10 Additional Gruesome Torture Devices
Just when you thought your nightmares were over, Listverse brings you yet another ten gruesome torture devices, to make you cringe in your seat. These cruel instruments were commonly used throughout history to punish criminals, exert power over others and strike fear in the immoral and corrupt. Be sure to save that meal of yours for later; this is going to make your stomach churn. You can read the first list here.
This portable instrument of torture was popular in England and Scotland during the 1500′s, but was seen as late as the nineteenth century. The scold’s bridle (also known as branks) was a cage that was locked around a woman’s head as punishment for nagging and gossiping too often. Attached to this iron muzzle was a curb-plate inserted into a woman’s mouth to, literally, subdue her treacherous tongue. Most of these metal curb-plates were spiked, averaging in length of about half an inch to an inch. The smaller spikes were a mild discomfort while the longer ones pierced the tongue and caused the victim to bleed continuously.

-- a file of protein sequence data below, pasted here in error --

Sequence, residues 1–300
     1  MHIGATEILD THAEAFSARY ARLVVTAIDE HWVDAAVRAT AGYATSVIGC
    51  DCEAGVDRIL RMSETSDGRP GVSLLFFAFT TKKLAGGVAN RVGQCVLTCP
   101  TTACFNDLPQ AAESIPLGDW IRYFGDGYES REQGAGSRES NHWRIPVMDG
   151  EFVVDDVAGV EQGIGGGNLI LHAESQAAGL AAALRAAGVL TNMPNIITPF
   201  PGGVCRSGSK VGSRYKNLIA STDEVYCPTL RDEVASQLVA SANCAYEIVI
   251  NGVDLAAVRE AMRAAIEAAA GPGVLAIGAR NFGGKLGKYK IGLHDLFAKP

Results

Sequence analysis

To make matters worse, some curb-plates had an additional round gag at the end which, when the device was worn, rested in the back of the mouth, irritating the throat. Some of these gags were shaped as animal heads to symbolically refer to her crime (e.g. donkey meant fool).
Wearing the scold’s bridle was far from a private affair. Women were taken through town, led by a leash, for people to see and know of her transgressions so that she may be ridiculed for them. If the verbal assaults weren’t enough, women were stoned and beaten by the townspeople.